Jia, 26, a public relations specialist in Mumbai can relate. Despite living just about three hours from her brother in Pune, they see each other only when they’re at their parents’ house. And even then, those meetings don’t get past basic pleasantries. “I often tell people my brother feels like the most opposite version of me,” she says. Looking back at our childhood, my relationship with my brother seems pretty textbook. We were three years apart, so we had our own friends, but sometimes they’d mix together, and we were happy to coexist at the same party. Although I don’t remember having any heart-to-hearts, we spent plenty of time together and he’d always help me with homework or vouch for me when I wanted a later curfew. Sure, we’d bicker, but none of it ever seemed to exceed the appropriate amount of sibling arguing. When he went to college, we surprisingly grew closer, which goes against what researchers sometimes find. I had tonnes of questions for him about college, I’d complain about being left with our parents, and he’d invite me and my BFF a few times a year to check out the party scene. When I started college, he’d visit me once a semester.
Now that we’re in our 30s, the momentum we developed in college has slowed to a substance-less crawl. Our jobs are very different (I’m an editor and I’m not sure what he does—think Chandler Bing), and our interests are even more so (I like to bake and he likes to climb dangerous mountains). We’ll text once in a while—usually about his dog. Pillemer explains that there are two major things working against us: our age and the fact that he’s not my sister. In terms of sibling closeness, there’s what Pillemer calls the hourglass model: “You see your siblings a lot when you’re living together, and then you often reconnect when your own kids are grown,” he says. In between, it’s natural to have less contact: “So much of your energy is focused on figuring out a career, establishing independence, and making other relationships,” Kramer says. If my brother were my sister, Kramer agrees things might be different. Studies have found that sibling sets made up of two sisters tend to be closest, although obviously there are exceptions.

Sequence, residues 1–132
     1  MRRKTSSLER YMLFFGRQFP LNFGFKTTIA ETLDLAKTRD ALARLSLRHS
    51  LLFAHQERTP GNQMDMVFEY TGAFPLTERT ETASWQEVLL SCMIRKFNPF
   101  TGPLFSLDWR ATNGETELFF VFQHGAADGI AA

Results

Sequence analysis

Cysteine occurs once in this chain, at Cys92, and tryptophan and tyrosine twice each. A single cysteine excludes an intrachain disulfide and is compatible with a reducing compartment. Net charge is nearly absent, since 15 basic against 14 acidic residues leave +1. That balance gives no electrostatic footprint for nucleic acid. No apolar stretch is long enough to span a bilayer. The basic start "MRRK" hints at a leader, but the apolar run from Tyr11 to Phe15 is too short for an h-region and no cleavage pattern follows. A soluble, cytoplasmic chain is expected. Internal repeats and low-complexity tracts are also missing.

Studies have found that sibling sets made up of two sisters tend to be closest, although obviously there are exceptions.
What if I did want to strengthen our bond? The good news is that experts say it’s never too late. They suggested I pick up the phone and give him a call—regularly. (I realise basically no-one talks on the phone anymore, but this still feels somehow plausible.) Knowing that’s in my back pocket, I feel better. And for siblings with real hostility—as in deep-rooted issues or an extremely hurtful falling-out in the past—there’s hope there too. You can still work on those bonds, even if you’ve been out of touch for years. “With siblings, people usually have a greater willingness to try harder,” says Bertoli, comparing the relationship to friendships that have fallen by the wayside. Be sure to preface a call or e-mail by saying, “Hey, just thought of you and wanted to reach out.” You know, so their first reaction isn’t wondering what terminal disease you have. For me, I’m fine with things as is. I appreciate that my brother will be my longest relationship in life. He’s the only one who can completely understand what it was like to grow up in our city, with our parents, in that specific house. He was there for our nightly dinners, when our grandmother died, and through every punishment I ever got. I can recount those stories for my husband and show him photographs, but he wasn’t there. I know that if I really needed my brother for something, he’d have my back—and vice versa. And he is there for the ‘big-deal’ things, like my wedding. He’s just not part of my day-to-day.
“Our relationship works for us,” my brother said when I called to tell him about this story. (I texted first to see if he was free to talk, and he fittingly responded by asking if everything was all right.) “We’re both just really busy,” he said, “but you’re right, we’d be there for each other in a bind.” Ours is an increasingly normal state of affairs, Bertoli says, as people wait longer to marry and build close friend squads that fill in for sibling relationships. For now, we’ve found a system that works for us. And that’s okay.”